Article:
Charles Sanders Peirce, George Spencer Brown, and Me • 7

Re: Laws Of Form DiscussionBoundary LogicCB

A statement P that implies both Q and \lnot Q is called a false statement, and anyone can prove anything at all from a false statement, as we all too frequently observe on the political front these days.

There is however a reasonable way of handling boundaries, for instance, as illustrated by the circumference of a region in a venn diagram, and that is by means of differential logic.  I’ve been tortoising my way toward the goal line of explaining all that, and it’s going a bit slow, but there is a gentle introduction at the other end of the link below, if you wish to achilles ahead.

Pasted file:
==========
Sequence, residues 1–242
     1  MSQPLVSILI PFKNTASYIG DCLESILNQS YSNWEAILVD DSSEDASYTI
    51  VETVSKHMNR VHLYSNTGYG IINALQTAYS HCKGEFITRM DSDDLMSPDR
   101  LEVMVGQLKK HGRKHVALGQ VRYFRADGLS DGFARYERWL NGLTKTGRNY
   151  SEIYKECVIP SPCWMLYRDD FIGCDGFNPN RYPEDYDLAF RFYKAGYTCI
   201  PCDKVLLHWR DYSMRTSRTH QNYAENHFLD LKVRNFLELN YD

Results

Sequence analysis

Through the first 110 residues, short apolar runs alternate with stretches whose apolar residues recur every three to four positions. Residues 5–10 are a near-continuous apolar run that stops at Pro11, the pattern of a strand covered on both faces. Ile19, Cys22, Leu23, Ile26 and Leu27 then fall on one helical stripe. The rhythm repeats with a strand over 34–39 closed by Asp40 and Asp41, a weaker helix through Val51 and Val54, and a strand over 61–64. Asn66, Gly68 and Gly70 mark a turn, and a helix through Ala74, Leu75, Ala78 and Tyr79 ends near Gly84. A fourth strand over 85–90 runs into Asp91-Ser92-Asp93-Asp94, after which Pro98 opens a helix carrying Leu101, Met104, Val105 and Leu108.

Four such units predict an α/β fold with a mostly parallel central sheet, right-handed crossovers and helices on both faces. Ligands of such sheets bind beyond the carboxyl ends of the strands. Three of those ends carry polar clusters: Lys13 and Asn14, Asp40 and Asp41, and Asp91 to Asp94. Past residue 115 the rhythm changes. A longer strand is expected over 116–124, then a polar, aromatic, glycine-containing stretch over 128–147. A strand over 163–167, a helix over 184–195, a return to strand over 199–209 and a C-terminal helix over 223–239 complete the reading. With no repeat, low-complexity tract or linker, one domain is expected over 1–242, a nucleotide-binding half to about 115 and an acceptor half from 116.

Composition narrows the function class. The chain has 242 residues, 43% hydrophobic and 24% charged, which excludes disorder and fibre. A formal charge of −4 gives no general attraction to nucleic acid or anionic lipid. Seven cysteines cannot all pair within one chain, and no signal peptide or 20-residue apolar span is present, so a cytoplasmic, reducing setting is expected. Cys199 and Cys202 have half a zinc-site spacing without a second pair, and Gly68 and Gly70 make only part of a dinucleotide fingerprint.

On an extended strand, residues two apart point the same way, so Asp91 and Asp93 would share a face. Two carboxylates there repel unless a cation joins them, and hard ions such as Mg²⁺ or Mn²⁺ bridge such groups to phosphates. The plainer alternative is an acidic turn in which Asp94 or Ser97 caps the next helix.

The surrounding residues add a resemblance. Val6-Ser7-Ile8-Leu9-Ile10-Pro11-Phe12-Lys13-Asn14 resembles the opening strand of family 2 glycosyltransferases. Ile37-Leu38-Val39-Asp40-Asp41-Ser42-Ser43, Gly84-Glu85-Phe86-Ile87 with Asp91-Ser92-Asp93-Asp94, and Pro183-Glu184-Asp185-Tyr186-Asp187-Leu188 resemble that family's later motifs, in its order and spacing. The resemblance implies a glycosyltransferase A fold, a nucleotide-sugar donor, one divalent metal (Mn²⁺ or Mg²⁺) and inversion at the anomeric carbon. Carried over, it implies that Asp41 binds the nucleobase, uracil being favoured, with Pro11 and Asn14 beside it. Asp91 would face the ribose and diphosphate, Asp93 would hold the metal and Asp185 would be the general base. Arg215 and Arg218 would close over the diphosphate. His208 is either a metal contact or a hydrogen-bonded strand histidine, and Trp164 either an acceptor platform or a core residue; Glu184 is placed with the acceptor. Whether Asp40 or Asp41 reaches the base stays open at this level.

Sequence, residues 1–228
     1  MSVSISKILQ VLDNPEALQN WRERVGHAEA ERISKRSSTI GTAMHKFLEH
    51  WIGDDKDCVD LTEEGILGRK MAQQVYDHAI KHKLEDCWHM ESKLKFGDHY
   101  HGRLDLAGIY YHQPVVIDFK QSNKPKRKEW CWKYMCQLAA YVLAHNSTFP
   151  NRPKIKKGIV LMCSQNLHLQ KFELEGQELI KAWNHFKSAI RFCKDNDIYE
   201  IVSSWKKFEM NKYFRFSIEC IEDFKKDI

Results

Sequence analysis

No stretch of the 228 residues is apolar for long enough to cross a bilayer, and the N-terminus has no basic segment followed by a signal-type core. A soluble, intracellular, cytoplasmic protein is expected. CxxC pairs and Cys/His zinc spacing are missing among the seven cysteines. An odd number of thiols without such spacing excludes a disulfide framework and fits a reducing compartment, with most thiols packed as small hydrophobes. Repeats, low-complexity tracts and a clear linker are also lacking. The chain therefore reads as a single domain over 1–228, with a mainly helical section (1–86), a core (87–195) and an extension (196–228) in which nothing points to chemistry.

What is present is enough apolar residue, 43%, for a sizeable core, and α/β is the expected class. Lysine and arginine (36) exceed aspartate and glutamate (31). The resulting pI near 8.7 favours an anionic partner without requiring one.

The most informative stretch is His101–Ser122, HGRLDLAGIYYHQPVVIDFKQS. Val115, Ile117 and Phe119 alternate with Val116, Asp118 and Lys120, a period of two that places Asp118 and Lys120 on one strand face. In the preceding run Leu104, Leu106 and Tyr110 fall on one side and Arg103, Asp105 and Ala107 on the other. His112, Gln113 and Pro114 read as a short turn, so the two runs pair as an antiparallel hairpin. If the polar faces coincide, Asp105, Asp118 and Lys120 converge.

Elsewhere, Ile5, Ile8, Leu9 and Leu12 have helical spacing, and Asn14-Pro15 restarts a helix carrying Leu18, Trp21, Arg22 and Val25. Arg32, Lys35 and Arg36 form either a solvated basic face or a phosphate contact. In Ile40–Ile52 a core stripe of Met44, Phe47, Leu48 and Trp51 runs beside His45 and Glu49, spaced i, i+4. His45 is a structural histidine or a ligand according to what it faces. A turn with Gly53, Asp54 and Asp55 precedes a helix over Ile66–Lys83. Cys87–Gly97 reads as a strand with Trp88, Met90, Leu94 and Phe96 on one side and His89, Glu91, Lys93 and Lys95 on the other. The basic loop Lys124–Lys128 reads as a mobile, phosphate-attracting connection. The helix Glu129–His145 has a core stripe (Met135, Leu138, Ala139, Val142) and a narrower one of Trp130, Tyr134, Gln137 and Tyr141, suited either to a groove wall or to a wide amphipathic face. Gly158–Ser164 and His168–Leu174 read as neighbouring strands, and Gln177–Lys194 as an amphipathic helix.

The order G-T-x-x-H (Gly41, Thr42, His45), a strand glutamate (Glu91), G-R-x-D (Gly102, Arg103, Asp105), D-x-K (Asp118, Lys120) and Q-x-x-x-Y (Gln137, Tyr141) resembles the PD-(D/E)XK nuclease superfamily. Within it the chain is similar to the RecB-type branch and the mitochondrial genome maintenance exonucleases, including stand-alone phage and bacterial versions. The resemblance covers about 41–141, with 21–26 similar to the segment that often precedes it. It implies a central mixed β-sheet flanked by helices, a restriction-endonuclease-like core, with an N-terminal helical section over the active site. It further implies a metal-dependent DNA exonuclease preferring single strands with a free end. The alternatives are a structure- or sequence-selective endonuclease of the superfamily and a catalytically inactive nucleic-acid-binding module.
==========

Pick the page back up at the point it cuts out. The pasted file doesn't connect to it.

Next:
There’s also a Facebook page devoted to the subject, for anyone who uses that medium:

This entry was posted in Abstraction, Amphecks, Analogy, Animata, Automated Research Tools, Boolean Algebra, Boolean Functions, C.S. Peirce, Cactus Graphs, Cybernetics, Deduction, Diagrammatic Reasoning, Differential Logic, Duality, Form, Graph Theory, Iconicity, Information Theory, Inquiry, Laws of Form, Logic, Logical Graphs, Mathematics, Model Theory, Painted Cacti, Peirce, Peirce's Law, Pragmatic Maxim, Proof Theory, Propositional Calculus, Semiotics, Sign Relational Manifolds, Spencer Brown, Symbolism, Systems Theory, Theorem Proving, Topology, Visualization, Zeroth Order Logic and tagged , , , , , , , , , , , , , , , , , , , , , , , , , , , , , , , , , , , , , , . Bookmark the permalink.

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